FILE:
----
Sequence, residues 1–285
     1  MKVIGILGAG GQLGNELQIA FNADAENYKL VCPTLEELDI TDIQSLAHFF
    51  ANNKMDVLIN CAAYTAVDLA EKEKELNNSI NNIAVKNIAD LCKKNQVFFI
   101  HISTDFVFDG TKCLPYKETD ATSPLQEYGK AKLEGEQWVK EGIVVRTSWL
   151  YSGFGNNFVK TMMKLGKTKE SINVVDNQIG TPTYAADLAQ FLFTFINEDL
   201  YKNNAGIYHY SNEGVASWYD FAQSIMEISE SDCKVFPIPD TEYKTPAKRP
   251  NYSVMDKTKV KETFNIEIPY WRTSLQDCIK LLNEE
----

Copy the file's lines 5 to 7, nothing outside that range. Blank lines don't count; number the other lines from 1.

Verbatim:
   151  YSGFGNNFVK TMMKLGKTKE SINVVDNQIG TPTYAADLAQ FLFTFINEDL
   201  YKNNAGIYHY SNEGVASWYD FAQSIMEISE SDCKVFPIPD TEYKTPAKRP
   251  NYSVMDKTKV KETFNIEIPY WRTSLQDCIK LLNEE